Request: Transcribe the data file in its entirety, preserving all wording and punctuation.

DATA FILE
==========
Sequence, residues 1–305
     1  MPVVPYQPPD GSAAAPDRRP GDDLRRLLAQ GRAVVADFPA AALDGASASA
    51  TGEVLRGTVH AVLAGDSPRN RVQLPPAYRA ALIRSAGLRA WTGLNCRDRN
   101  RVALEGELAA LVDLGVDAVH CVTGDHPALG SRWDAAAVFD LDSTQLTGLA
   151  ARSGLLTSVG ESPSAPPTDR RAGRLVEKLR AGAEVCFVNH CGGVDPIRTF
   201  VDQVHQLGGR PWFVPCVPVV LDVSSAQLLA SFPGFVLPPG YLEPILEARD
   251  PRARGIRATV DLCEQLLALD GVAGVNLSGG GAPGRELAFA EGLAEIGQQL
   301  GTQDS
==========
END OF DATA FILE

Sequence, residues 1–305
     1  MPVVPYQPPD GSAAAPDRRP GDDLRRLLAQ GRAVVADFPA AALDGASASA
    51  TGEVLRGTVH AVLAGDSPRN RVQLPPAYRA ALIRSAGLRA WTGLNCRDRN
   101  RVALEGELAA LVDLGVDAVH CVTGDHPALG SRWDAAAVFD LDSTQLTGLA
   151  ARSGLLTSVG ESPSAPPTDR RAGRLVEKLR AGAEVCFVNH CGGVDPIRTF
   201  VDQVHQLGGR PWFVPCVPVV LDVSSAQLLA SFPGFVLPPG YLEPILEARD
   251  PRARGIRATV DLCEQLLALD GVAGVNLSGG GAPGRELAFA EGLAEIGQQL
   301  GTQDS